Following Midterms, Fox Appears To Have Forgotten About The Migrant Caravan

Screengrab/Fox News/YouTube

Conservative hysteria over the Central American migrant caravan appears to have dissipated now that midterms are over.

Many Americans were wholly unsurprised to wake up the morning after the midterm elections and discover that hysteria over the caravan of Central American migrants — the one President Donald Trump and numerous conservative pundits and politicians painted as an imminent threat — had suddenly disappeared.

Though it seemed obvious to countless people that Trump and others were using the caravan as a tool for scaring their supporters into voting Republican, there was certainly no doubt by Wednesday morning, when even Fox & Friends neglected to fan the anti-immigration flames.

n the weeks leading up to Tuesday’s midterm elections, President Donald Trump, his Republican allies, and Fox News teamed up to fearmonger about a caravan of people traveling from Central America toward America’s southern border — not stopping even after a gunman motivated by an anti-Semitic conspiracy theory about it opened fire at a synagogue in Pittsburgh on October 27, killing 11 people.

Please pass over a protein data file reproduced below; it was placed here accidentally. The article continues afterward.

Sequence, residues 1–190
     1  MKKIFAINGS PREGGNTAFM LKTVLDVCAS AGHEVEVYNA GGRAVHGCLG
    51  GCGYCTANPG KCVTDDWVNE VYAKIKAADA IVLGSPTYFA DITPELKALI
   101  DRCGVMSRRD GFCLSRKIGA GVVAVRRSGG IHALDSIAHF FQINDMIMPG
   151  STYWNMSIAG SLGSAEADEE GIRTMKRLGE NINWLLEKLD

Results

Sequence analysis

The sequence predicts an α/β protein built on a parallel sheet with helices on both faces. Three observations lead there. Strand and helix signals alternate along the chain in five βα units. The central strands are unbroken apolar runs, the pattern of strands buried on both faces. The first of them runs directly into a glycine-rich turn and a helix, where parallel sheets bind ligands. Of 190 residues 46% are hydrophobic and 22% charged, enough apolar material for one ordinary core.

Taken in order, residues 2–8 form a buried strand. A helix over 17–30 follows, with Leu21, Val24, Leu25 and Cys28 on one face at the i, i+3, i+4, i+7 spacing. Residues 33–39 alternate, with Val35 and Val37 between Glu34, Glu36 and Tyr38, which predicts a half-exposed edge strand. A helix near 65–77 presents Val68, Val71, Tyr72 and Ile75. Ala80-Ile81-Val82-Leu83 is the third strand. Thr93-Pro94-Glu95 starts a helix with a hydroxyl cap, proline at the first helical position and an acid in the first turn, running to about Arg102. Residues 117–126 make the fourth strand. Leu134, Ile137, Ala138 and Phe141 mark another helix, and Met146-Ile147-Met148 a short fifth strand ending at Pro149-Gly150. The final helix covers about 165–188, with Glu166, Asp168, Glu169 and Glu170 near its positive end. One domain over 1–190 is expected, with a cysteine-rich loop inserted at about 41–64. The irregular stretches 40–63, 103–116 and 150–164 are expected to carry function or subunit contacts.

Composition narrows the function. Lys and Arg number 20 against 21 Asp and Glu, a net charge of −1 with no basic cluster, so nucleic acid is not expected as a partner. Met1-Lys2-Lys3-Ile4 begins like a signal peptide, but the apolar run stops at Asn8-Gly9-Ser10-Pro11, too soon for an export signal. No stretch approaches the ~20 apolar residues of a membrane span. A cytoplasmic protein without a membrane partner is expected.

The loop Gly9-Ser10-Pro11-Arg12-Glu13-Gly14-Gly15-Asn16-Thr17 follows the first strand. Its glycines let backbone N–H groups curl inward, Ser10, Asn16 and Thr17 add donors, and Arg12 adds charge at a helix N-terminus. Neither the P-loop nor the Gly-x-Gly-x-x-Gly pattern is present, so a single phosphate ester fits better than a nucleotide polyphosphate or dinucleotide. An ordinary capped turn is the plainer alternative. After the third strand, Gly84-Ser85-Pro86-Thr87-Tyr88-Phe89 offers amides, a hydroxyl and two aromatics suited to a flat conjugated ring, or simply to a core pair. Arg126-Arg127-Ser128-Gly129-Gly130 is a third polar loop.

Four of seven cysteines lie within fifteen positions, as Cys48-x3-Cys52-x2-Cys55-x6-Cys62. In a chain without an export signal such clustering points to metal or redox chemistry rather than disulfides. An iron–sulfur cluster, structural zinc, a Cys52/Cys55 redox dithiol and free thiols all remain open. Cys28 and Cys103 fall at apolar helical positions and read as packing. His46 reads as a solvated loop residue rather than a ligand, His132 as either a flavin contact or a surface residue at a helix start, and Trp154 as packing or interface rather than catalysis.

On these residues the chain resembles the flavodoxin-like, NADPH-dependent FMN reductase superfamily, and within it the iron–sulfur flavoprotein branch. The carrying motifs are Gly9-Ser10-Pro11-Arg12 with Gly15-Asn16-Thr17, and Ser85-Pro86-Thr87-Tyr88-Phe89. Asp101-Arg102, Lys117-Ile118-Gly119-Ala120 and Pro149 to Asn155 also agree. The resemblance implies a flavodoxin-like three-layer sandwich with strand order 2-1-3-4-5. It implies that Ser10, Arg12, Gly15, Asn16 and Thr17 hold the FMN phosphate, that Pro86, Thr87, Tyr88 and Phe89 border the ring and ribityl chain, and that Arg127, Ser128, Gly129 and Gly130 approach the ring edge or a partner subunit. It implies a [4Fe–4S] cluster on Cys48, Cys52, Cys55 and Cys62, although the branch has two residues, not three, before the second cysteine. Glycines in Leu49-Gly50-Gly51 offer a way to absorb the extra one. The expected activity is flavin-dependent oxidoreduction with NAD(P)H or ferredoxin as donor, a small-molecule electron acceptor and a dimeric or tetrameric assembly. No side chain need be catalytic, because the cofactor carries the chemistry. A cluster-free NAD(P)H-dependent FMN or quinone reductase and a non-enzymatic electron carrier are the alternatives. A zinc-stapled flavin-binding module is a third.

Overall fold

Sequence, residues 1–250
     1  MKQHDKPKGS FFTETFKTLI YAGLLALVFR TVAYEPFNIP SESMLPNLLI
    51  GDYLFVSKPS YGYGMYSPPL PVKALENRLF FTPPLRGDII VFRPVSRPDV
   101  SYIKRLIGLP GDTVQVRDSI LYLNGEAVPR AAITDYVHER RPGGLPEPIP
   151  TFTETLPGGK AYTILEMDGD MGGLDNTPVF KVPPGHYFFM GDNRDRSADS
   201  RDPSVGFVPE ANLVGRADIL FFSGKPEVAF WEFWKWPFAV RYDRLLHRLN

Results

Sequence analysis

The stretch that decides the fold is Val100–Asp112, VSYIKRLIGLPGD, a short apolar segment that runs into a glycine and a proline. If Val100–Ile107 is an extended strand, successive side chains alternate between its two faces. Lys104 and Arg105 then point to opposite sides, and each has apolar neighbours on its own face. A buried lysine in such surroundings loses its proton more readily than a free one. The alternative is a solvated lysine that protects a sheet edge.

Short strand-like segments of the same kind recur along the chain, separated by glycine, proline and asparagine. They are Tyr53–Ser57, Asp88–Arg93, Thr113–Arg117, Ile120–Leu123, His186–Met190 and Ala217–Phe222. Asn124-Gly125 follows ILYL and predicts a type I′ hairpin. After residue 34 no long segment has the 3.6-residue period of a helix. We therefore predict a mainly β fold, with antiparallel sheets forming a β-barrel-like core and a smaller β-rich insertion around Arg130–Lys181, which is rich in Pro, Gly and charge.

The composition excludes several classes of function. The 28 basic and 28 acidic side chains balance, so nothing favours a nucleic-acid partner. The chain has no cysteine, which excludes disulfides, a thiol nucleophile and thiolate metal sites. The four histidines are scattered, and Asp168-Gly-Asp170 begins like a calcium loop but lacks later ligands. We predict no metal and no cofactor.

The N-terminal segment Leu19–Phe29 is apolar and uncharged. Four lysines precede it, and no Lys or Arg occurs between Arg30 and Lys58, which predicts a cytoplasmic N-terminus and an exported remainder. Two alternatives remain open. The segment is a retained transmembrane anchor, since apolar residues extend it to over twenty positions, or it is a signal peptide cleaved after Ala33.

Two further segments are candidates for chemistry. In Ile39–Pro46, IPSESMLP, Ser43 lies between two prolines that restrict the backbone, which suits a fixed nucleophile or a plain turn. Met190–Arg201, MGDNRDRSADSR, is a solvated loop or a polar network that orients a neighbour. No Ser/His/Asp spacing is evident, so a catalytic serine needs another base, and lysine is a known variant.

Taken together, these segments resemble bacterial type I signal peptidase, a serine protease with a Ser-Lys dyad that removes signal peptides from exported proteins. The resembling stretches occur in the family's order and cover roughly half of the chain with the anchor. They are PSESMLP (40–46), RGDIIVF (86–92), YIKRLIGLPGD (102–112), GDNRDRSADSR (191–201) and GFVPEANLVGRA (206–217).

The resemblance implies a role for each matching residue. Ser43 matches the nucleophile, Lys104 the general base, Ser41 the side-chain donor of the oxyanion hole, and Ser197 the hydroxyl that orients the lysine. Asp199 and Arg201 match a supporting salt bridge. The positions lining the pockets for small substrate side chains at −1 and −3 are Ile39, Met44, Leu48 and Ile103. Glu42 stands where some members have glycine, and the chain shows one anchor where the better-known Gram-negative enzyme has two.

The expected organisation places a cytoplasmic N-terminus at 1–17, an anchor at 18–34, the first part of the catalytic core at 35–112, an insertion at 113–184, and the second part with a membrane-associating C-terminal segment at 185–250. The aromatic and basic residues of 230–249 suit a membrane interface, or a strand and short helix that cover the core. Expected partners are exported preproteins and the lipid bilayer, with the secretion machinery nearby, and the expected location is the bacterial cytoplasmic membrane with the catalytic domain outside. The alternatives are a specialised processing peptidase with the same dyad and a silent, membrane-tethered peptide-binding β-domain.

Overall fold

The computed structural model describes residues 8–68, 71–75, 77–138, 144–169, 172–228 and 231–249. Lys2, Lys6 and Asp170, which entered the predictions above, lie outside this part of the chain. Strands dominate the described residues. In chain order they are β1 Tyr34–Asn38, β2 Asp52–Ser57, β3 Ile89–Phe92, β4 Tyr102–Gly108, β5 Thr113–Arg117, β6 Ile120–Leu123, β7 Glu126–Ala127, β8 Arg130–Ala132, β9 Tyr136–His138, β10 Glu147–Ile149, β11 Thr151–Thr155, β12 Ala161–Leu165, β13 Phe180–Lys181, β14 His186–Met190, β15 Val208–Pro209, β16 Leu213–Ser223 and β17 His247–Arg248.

The caravan received heavy coverage on Fox & Friends, where it was portrayed as “an invasion” that Democrats weren’t doing enough to stop. According to transcripts, the caravan was mentioned 19 times on Friday’s edition of the show, 10 times on Monday, and nine times on Tuesday. Fox News has even embedded a reporter with the caravan to provide updates about its progress.

But on Wednesday morning? The migrant caravan on received one mention on Fox & Friends, and even then, it was only in passing.

“Many in the media laughed as well when the president framed [the midterms] as about [Supreme Court Justice Brett] Kavanaugh, the caravan,” host Ed Henry said at one point — the only time the caravan was mentioned on the entire show.

Vox noted that the White House was fairly transparent about its intent with the caravan messaging: whether or not the migrants constituted a true national security threat was irrelevant; it was meant to scare people.

For instance, days before the Pittsburgh shooting, an unnamed senior Trump administration official told the Daily Beast that “it doesn’t matter” if the fear-mongering campaign surrounding the caravan is “100 percent accurate” — the important thing is that “this is the play” to motivate Republicans to vote.

Still, though Fox laid off caravan coverage on Wednesday, it may return in the days to come. On Tuesday, Vox’s Dara Lind reported that “[a]s soon as this week, the Trump administration is expected to issue a new asylum policy — ostensibly in response to the migrant ‘caravan’ — that could have the effect of barring people who enter the US between ports of entry from asylum.”

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